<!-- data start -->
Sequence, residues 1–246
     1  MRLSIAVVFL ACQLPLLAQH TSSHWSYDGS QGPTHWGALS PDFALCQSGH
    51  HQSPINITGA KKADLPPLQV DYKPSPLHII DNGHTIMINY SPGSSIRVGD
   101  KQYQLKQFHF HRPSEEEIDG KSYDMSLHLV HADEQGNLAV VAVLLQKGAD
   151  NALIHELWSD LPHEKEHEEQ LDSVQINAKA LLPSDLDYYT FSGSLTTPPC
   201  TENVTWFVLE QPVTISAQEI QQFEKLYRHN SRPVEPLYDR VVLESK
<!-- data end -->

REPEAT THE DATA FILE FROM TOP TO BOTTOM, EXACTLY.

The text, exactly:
Sequence, residues 1–246
     1  MRLSIAVVFL ACQLPLLAQH TSSHWSYDGS QGPTHWGALS PDFALCQSGH
    51  HQSPINITGA KKADLPPLQV DYKPSPLHII DNGHTIMINY SPGSSIRVGD
   101  KQYQLKQFHF HRPSEEEIDG KSYDMSLHLV HADEQGNLAV VAVLLQKGAD
   151  NALIHELWSD LPHEKEHEEQ LDSVQINAKA LLPSDLDYYT FSGSLTTPPC
   201  TENVTWFVLE QPVTISAQEI QQFEKLYRHN SRPVEPLYDR VVLESK